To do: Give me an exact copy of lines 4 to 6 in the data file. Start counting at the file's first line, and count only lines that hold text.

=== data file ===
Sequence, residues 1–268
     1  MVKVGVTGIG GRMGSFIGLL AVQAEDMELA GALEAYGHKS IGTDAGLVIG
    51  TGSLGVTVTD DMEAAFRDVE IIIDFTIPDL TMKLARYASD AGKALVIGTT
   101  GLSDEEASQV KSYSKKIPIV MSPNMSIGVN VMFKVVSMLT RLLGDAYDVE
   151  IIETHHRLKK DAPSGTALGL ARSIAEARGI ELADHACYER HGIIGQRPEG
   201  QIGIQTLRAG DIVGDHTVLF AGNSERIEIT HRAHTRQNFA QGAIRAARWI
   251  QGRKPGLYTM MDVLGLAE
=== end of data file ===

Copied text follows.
   101  GLSDEEASQV KSYSKKIPIV MSPNMSIGVN VMFKVVSMLT RLLGDAYDVE
   151  IIETHHRLKK DAPSGTALGL ARSIAEARGI ELADHACYER HGIIGQRPEG
   201  QIGIQTLRAG DIVGDHTVLF AGNSERIEIT HRAHTRQNFA QGAIRAARWI